Djoser Step Pyramid reopens

Nevine El-Aref , Tuesday 10 Mar 2020

After more than a dozen years of conservation work, the Djoser Step Pyramid at Saqqara is now open to visitors

Djoser’s Step Pyramid and its different inner corridors and entrances

The serenity of the Saqqara Necropolis near Cairo was disturbed this week as the archaeological site buzzed with people who had flocked to witness the grand opening of the Djoser Step Pyramid, the first stone building in history and the oldest pyramid in the world.

Prime Minister Mostafa Madbouli and Minister of Tourism and Antiquities Khaled El-Enany along with Assem Al-Gazzar, the minister of housing, were in attendance.


“It is a great pleasure to be in front of this magnificent monument, the oldest stone construction in the world,” Madbouli said during a press conference marking the inauguration of the pyramid. “This project as well as other projects in the field of archaeology are among the country’s mega-projects. Egypt is keen to preserve its unique heritage and make this one of its main priorities,” Madbouli said.

He described his personal passion for the project as he had witnessed several phases in the conservation work, following up the progress of the work as a trained architect himself and an Egyptian citizen who loved his country and its heritage.

“We are working hard to build a new Egypt... and the restoration of our heritage is at the top of the list of our priorities,” Madbouli said. Among the projects Madbouli mentioned was the gigantic Grand Egyptian Museum (GEM) overlooking the Giza Pyramids that is set to open at the end of this year, five years later than originally planned.


“It is a piece of very accurate medical surgery,” El-Enany told Al-Ahram Weekly, explaining that the restoration work that had taken 14 years had been carried out by skillful and efficient Egyptian conservators with a budget of around LE104 million.

“The Djoser Step Pyramid is the highlight of the Saqqara monuments,” El-Enany said, adding that it was the oldest truly monumental stone building in history and Egypt’s oldest pyramid. The 60-metre pyramid dominates the vast Saqqara Necropolis south of Cairo and is part of the ancient capital of Memphis, a UNESCO World Heritage Site.

It was commissioned by the pharaoh Djoser (c 2667-2648 BCE), and the architect was Imhotep. He designed a layout in which the Step Pyramid was at the centre of a larger funerary complex, and the pyramid itself consists of six stacked terraces to a height of around 63 metres.

The dimensions of the base are 121 x 109 metres. The pyramid has two entrances, one on its northern side, which is the original entrance, and another on the southern, which dates to the 26th Dynasty. The complex also includes a colonnade entrance, the South Tomb, the Sed Festival Court, the Pavilions of the North and South, and a funerary temple to the north of the pyramid.

El-Enany explained that the restoration work at the Pyramid had aimed to consolidate the structure and repair damage. Accumulated dust, sand and stone containing damaging salts were removed from the surfaces of the terraces. Stone blocks that had loosened were restored, and gaps between the façade blocks were filled with the same archaeological material that had been used in the construction of the pyramid.


Immediate treatment of degraded stone blocks was undertaken upon the removal of the soil covering them. The walls of the deteriorated underground passages were treated with injections and reinforcing materials or with careful restoration methods. The southern entrance was prepared to serve as the main entrance into the pyramid for visitors to the site.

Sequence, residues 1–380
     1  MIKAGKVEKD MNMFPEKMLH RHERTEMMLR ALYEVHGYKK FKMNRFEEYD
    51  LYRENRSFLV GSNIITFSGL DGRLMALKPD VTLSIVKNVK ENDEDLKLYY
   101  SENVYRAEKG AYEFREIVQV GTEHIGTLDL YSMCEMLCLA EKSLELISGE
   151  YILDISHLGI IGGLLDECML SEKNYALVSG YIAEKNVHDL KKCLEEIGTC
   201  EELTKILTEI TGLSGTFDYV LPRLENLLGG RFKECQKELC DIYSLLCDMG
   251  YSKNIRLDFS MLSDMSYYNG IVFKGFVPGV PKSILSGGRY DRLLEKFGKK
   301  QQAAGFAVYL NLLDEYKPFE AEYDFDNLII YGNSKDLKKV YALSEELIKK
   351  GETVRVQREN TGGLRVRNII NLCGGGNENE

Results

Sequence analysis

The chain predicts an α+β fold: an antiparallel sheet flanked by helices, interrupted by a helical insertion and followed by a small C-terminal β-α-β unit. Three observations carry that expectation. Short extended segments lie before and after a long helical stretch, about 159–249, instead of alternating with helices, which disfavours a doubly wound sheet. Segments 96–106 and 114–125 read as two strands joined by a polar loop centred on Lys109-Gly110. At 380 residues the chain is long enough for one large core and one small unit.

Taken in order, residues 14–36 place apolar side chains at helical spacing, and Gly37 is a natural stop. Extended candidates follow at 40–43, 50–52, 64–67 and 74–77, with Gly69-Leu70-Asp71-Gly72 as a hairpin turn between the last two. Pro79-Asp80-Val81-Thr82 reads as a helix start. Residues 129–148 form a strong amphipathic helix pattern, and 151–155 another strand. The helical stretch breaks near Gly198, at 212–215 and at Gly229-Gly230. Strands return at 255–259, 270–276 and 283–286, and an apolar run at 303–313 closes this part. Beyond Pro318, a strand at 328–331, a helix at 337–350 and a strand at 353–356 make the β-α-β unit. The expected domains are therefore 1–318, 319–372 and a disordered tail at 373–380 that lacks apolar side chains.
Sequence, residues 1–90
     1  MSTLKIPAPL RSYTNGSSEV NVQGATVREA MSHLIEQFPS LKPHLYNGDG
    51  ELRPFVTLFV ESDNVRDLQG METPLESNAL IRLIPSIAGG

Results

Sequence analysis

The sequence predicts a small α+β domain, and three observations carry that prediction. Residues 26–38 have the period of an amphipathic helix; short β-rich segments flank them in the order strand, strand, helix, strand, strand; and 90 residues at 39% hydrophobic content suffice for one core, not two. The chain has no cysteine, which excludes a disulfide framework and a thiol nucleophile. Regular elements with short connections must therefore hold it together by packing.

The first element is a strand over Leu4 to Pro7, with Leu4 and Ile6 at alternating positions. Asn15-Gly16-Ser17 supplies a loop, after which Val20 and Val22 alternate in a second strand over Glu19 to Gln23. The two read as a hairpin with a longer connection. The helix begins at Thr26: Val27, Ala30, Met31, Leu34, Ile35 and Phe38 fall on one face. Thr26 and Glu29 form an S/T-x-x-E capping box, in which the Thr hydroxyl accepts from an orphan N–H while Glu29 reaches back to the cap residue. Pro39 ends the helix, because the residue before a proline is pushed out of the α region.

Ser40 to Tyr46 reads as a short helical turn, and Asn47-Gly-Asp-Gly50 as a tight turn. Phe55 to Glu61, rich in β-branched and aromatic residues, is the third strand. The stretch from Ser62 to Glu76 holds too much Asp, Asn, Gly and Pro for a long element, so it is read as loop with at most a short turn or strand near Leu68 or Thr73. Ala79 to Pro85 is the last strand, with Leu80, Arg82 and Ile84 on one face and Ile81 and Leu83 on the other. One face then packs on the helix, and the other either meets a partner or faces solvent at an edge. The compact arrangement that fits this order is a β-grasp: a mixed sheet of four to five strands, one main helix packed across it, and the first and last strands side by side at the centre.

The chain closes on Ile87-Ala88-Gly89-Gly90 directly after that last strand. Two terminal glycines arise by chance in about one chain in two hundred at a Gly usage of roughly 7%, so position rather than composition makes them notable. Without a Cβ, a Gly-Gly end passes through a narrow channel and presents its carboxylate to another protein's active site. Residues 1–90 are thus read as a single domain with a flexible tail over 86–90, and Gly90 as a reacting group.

The stones in the collapsed area above the central shaft were unstable and in a critical state of equilibrium. Loss of mortar between the blocks had occurred, causing them to detach from each other and thus causing gaps to form.

The primary objective of the structural work was to stabilise the ceiling blocks (the area of initial collapse) in three stages. Loose ceiling blocks were reconnected by filling the gaps between them with lime mortar, a material similar in composition to the original mortar, to a depth of no less than 25 cm. Air stents were distributed in hazardous locations to render the area safe for workers.

The burial chamber and the corridors leading into it were restored. Rubble was completely removed and taken outside the pyramid, revealing the entirety of the granite sarcophagus and guaranteeing its structural stability. After the rubble resulting from collapses was removed, the sarcophagus was found to consist of 32 granite blocks, with sides measuring 3.47 × 5.35 m and a height of 4.73 m.

Its total weight is estimated at around 176 tons. The coffin was found resting on 18 limestone bases, all of which had collapsed, filling the burial chamber with rubble.


Dalia Khattab, director of the management of archaeological sites at the Ministry of Tourism and Antiquities, said that the area around the pyramid had been developed. New signage with information about the pyramid and its restoration work was installed. A visitor path was created and a slope made for the disabled. A new lighting system was also installed.

The pyramid had previously been open to visitors, but in the early 1990s it was badly damaged due to an earthquake, with fears that it could collapse.

Restoration efforts began in 2006, which included the main burial chamber and a series of passages within the pyramid. Stone blocks were used as reinforcements for the main structure. Other restored areas include the outer facades, the stone sarcophagus and some of the stairs in the entrance.

Mohamed Youssef, director of the Saqqara area, said that visitors would now be able to enter the pyramid for the first time via its southern entrance.

*A version of this article appears in print in the  12 March, 2020 edition of Al-Ahram Weekly

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